Chaos, confusion, contradiction and karma
Is it right to say that Donald Trump’s Covid infection is “karma”? Did the truth-defying, science-mocking leader of the free world get what he deserves? Or is this just shallow moralising?
The newspapers this morning are agreed about at least one thing: for anyone trying to understand the truth about Donald Trump’s health, it has been a rough weekend.
“White House reports on Trump’s condition continue to be limited and contradictory,” says the Washington Post. “As Trump seeks to project strength, doctors disclose alarming episodes,” proclaims the New York Times.
Last night it got even worse – when the president was driven slowly past hundreds of fans in a vehicle with two others inside – just hours after doctors revealed that Trump was taking a steroid normally reserved for patients with severe cases of Covid-19
James Phillips, a doctor who practises at the president’s hospital, Walter Reed, said it was “insanity”.
“Every single person in the vehicle during that completely unnecessary presidential drive-by just now has to be quarantined for 14 days,” Dr Phillips tweeted. “They might get sick. They may die. For political theatre. Commanded by Trump to put their lives at risk for theatre.”
Sean Conley, the White House doctor who came under scrutiny for evading important questions about Trump’s health during two news conferences at the weekend, said yesterday afternoon that the president “continued to improve”.
But he triggered new questions about whether he was giving a full picture after acknowledging that Trump’s oxygen levels had dropped twice over three days, requiring him to receive oxygen on Friday. On Saturday, he had repeatedly refused to answer when asked about Trump’s oxygen levels.
Ever since Covid-19 emerged as a significant threat to global health, Trump has consistently denounced its seriousness.
He has frequently been seen without a mask in public, and has ridiculed others for doing so. During the recent presidential debate, Trump mocked his opponent, Joe Biden, remarking “I don’t wear masks like him.”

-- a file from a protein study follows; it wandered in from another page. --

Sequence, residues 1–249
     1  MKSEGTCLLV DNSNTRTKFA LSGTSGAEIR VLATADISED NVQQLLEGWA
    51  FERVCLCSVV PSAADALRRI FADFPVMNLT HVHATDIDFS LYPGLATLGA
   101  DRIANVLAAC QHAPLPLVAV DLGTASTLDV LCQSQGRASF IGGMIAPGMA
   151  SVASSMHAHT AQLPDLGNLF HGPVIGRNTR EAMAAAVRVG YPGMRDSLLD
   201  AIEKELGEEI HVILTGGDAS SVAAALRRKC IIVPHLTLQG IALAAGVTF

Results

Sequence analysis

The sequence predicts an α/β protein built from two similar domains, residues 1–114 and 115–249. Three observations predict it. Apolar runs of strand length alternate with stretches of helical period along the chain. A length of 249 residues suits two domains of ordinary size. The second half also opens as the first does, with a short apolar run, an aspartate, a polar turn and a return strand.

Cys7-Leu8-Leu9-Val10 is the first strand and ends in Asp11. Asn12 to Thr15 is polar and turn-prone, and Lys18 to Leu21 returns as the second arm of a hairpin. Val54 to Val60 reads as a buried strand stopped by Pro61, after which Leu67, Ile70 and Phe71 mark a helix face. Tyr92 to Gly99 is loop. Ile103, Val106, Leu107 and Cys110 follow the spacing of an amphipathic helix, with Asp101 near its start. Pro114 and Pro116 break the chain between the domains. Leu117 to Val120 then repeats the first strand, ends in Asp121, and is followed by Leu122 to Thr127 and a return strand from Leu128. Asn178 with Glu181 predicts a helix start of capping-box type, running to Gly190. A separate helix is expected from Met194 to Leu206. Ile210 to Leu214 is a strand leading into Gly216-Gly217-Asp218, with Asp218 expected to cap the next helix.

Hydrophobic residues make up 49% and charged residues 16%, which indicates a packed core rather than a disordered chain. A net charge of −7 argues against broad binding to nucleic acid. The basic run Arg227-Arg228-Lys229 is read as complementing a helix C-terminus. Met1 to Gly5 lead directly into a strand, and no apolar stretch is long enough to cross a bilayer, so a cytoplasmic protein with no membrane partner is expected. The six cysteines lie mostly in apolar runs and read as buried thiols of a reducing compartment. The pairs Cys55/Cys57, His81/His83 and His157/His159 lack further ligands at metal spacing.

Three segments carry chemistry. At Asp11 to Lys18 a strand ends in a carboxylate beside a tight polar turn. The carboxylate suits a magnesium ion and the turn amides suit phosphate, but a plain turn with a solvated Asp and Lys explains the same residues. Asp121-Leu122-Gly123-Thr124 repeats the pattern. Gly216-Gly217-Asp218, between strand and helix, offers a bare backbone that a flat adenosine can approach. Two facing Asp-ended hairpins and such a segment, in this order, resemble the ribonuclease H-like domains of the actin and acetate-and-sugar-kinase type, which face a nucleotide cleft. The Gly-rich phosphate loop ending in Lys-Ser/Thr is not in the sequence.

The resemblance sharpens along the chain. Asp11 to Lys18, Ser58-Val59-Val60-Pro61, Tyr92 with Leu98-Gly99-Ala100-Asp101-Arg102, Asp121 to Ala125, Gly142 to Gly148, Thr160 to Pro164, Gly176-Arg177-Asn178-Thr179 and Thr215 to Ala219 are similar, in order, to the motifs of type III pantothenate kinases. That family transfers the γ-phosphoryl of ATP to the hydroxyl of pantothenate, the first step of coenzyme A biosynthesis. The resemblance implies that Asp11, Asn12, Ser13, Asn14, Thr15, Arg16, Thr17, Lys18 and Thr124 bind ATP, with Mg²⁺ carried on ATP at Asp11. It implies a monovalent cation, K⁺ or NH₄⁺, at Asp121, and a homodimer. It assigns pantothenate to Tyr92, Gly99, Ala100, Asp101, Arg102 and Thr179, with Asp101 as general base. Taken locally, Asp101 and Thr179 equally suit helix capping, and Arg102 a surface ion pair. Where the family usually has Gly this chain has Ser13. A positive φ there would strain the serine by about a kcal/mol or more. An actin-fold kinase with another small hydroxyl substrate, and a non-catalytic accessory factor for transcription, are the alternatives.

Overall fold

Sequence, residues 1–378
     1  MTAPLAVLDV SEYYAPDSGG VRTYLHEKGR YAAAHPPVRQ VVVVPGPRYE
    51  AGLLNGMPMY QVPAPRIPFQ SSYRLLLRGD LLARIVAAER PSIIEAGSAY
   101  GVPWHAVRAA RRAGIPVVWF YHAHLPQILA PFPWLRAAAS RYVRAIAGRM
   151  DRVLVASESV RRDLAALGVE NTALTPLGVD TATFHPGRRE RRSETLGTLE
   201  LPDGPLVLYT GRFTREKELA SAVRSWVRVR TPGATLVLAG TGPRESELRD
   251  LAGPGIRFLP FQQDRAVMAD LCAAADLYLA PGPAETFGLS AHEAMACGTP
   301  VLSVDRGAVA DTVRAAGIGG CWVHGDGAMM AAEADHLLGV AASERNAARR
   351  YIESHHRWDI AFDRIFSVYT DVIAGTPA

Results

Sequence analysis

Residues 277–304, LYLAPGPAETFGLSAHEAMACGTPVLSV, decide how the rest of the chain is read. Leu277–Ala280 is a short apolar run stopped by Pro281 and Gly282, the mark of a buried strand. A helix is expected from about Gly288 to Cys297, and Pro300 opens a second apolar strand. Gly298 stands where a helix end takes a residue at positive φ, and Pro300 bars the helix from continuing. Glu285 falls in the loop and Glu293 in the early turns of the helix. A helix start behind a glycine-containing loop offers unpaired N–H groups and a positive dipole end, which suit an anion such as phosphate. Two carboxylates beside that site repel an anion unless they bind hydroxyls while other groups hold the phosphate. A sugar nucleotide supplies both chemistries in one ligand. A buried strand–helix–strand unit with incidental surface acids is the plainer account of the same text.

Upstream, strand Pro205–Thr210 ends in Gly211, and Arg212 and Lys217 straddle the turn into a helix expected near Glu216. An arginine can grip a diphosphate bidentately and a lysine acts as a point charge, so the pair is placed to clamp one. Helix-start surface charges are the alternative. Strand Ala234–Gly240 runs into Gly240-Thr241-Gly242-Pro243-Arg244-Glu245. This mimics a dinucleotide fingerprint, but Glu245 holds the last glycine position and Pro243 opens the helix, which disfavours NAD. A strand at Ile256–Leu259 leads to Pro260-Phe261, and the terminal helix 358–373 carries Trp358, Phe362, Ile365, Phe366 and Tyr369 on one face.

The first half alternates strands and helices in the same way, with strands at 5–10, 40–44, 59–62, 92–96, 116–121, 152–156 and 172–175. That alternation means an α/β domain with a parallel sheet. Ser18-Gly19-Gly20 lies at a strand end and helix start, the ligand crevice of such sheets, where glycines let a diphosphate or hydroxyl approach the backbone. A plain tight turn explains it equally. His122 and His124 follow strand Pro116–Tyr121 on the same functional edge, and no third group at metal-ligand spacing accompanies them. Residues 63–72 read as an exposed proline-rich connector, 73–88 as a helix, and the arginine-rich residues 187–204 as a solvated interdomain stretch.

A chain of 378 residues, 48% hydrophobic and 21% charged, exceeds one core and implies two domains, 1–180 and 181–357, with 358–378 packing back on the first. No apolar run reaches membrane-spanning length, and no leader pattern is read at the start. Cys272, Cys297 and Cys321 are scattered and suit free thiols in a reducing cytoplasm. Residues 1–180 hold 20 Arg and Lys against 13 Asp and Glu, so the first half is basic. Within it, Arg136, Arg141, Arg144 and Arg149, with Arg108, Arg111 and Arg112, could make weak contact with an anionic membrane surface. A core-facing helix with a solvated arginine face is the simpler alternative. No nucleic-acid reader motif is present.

Trump has also promoted proven scientific falsehoods about Covid-19. A major study last week found that the president himself has been the “single largest driver” of coronavirus misinformation.
This morning the USA retains its record as the nation with the highest number of cases of Covid-19 (7.3m) and the highest number of deaths (207,000) in the world (according to the World Health Organization).
Since the news of Trump’s positive test emerged, the response by his detractors has been laden with Schadenfreude. Actor Dominic West said that he “jumped for joy” when he heard the news. Others have said that Covid-19 is his nemesis.
Columnist Susie Boniface reflected many thousands on Twitter when she proclaimed it was “karma, at last”.
What is karma? Deriving from the 1,500-year-old Sanskrit word “karman”, meaning “act”, it is the belief that good actions result in good fortune and vice versa – a central idea in Buddhism, Hinduism and Sikhism.
Because it is a religious – not scientific – idea, many sceptics consider it to be a superstition. But there is a school of thought that promotes a form of practical karma – essentially the belief in the moral rule “do as you would be done by”.